Saturday, 21 May 2022

Do You Want to be Healed?

So there's a footnote to the passage in John 5 which, if you're reading the King James version is verse 4.
And it tells us that the pool at Bethesda, every now and then, was stirred by an angel. And when the water was disturbed, then the nymph Salmacis would come to the demigod Hermaphroditus and...

Sorry. I've got John's Gospel and a Genesis song confused again, haven't I?

But it's a reminder of how deep - ho-ho - our sense of the beauty, the holiness, the strangeness of water is. When I consider the remarkable engineering works of the Fens I think to myself - that was an act of desanctification. A use of brute force and human logic to make the water obey. Look, we shall cause rivers to run above the fields. We shall make water run uphill. We shall dry up the Naiads' homes. We shall drive Will o' The Wisp from his marshy fastness. We shall exert dominion over the land.

But here we have this magic healing pool. Where every day for 38 years this man has come on the off chance he will be healed. Thinking that in the unlikely event he's first in, in the unlikely event that the water is disturbed - maybe he'll be healed.

38 years of someone dropping him off - as if he can't get into the water, I'm sure he can't get to Bethesda unaided - and then leaving him there all day. 38 years of someone collecting him on the way back from work.

38 years of thinking, if I do get into the pool, and if it doesn't work, I may just drown.

And so the question Jesus asks - do you want to be healed?

I met an old Londoner once. He was a teenager during the Second World War. At the end of the War, taking advantage of the new opportunities that peace brought, he took up burglary.

He wasn't a very successful burglar. He was always getting caught. But he stuck at it. In the 50s and 60s he'd hang out on the fringe of fashionable London. He'd note when the minor celebrities he knew were out - then go round their places and burgle them. He'd always get caught. And go back inside.
When I met him, he'd been pursuing a career of theft and repeated incarceration for 50 years. He didn't seem over-sad with his lot. The thugs left him alone. He was a kind of Blanco character, for those of you who remember Porridge. He had a little room he didn't have to pay rent for, he had order and a schedule. He liked to come along to the chaplaincy group. Though maybe he didn't listen too much to the eighth comandment. He was comfy in prison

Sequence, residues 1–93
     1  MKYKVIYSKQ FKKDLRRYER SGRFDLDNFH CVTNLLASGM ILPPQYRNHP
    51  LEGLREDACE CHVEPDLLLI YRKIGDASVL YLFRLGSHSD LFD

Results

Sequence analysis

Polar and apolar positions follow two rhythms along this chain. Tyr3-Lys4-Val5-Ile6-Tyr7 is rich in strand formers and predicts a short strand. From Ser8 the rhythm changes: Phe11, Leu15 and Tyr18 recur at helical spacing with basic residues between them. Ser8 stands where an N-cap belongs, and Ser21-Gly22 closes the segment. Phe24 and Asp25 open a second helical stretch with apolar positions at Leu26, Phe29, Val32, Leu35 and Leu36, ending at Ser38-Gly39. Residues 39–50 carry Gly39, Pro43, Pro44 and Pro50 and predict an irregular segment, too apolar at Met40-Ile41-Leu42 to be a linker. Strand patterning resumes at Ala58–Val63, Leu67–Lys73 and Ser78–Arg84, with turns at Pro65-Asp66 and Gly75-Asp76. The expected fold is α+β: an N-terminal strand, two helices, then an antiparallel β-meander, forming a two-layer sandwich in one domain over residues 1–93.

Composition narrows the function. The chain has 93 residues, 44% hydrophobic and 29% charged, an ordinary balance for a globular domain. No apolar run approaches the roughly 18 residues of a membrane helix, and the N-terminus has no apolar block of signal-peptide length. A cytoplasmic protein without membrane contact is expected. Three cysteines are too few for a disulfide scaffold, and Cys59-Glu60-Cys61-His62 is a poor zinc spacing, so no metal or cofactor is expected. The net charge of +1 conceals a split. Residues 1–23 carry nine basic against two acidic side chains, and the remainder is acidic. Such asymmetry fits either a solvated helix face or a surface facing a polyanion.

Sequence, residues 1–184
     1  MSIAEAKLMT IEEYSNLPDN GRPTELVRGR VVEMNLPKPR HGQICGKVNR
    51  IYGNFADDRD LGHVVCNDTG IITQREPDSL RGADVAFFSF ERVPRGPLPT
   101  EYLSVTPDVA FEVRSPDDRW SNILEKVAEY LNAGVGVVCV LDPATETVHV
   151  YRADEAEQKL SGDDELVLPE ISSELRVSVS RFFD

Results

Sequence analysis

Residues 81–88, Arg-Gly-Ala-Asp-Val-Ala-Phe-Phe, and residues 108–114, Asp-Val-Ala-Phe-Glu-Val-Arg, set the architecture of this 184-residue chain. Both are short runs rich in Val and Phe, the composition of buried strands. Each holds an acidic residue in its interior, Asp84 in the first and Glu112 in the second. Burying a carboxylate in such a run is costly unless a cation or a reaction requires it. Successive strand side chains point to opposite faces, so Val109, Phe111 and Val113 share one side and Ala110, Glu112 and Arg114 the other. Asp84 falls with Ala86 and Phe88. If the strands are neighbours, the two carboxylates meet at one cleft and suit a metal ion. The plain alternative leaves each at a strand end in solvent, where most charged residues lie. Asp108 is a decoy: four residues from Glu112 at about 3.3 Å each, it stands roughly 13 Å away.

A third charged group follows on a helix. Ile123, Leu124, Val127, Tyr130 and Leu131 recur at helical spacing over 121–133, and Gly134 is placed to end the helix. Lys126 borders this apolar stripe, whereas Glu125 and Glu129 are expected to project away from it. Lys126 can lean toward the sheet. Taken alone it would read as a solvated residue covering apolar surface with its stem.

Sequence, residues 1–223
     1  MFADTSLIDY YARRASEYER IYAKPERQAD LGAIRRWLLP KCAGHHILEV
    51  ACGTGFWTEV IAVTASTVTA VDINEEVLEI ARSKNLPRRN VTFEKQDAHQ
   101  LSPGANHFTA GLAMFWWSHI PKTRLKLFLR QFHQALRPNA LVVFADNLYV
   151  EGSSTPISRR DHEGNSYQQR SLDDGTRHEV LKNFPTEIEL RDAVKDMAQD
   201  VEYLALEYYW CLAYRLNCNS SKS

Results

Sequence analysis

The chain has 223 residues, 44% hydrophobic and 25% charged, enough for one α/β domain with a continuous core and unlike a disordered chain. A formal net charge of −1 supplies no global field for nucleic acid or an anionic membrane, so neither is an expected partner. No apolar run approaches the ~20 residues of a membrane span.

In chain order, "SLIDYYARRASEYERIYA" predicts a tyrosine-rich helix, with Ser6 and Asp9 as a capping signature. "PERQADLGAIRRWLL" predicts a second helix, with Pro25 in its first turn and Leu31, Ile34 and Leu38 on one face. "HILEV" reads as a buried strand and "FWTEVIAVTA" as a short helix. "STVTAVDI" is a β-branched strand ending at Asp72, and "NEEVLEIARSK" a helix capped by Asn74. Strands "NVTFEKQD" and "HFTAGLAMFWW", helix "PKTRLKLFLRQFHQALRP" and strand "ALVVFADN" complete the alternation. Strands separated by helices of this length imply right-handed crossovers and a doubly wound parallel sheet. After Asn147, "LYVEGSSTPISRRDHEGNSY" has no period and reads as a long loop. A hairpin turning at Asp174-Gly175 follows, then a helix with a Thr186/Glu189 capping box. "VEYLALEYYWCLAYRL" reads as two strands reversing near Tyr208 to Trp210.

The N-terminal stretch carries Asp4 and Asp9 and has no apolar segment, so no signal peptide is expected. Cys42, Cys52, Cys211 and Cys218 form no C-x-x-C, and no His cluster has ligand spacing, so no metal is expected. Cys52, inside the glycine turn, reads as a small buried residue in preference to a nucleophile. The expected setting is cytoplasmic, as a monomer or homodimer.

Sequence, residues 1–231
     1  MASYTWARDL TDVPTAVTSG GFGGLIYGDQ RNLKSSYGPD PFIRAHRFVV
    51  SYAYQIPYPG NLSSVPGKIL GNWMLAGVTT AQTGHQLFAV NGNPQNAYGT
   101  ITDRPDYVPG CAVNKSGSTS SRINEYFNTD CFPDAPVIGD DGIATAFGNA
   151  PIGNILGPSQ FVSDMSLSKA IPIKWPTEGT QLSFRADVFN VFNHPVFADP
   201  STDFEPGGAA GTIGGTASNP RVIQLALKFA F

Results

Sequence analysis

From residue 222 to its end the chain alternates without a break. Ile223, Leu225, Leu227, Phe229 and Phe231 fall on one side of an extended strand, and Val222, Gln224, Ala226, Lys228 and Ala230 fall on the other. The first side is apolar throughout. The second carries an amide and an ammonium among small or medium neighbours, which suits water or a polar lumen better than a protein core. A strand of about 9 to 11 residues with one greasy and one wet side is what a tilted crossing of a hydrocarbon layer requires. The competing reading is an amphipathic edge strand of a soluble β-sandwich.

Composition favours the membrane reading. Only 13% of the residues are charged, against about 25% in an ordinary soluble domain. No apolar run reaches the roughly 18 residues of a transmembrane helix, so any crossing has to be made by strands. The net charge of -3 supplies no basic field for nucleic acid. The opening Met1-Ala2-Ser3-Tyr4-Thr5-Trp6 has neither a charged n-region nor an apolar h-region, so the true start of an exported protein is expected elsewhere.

Maybe this chap's the same. Maybe he knows his life isn't going to change. Maybe he knows he's stuck in this routine for the next number of years. Maybe he's quite resigned to what he's got. Maybe that's why Jesus says to him, "do you want to be healed?"

Maybe that's why he doesn't answer Jesus with "yes", or "no", but with a complaint. "I never get in the water in time because nobody helps me." Maybe he doesn't realise this is an offer from Jesus. Maybe he thinks it's just a general enquiry. Maybe he thinks Jesus is suggesting he doesn't try hard enough - so he has to explain himself. 
Or maybe he thinks Jesus is patronising him, and he's choking back the frustration - "Thirty-eight years of laying by this pool, hoping to be healed. Thirty-eight years of getting nothing. When shepherds were turning up at your stable, young Rabbi, when you were a baby in swaddling clothes - when you were still the intense subject of your step-father's suspicion - all that time ago - I had been coming here, and getting disappointed, for five years. What do you think, do I want to be healed?"

But after 38 years, maybe he's settled for his role as eternally disappointed man by the pool. Or maybe he's told himself he has.

"Take up your bed and walk," says Jesus. And while that's a command - maybe the man's being made whole still depends on his response. I say "made whole" - because healing's beyond just the bodily. Some of the people I know who have disabilities are the wholest people I know. But this man has sunk into a comfortable failure. As Jesus says "take up your bed", the man has two choices. To take up his bed, or to conclude he cannot take up his bed.
So is he going to accept God's grace? A free offer of healing from Jesus? An unasked for, unexpected blessing? Or will he shrug, say good things never happen to him, and settle down to watching for another ripple in the pool he will never get into in time?
He takes up his bed and walks. Turns out, he does want to be made whole.
You know what a story about Jesus's healing is not? A recommendation for people to go our and demand to pray for others, who have often been prayed for a thousand times before whether they liked it or not. Healing may happen - but when it does it's rare. People with disabilities are not there to make other people feel happy about their own faith.

What this story is though is about what Jesus offers to all of our lives. We can get in our rut. Want nothing to change. And yet - God's grace here is given free - the man hasn't even asked it. It's been found unexpectedly. And it is beyond what he could ever imagine.

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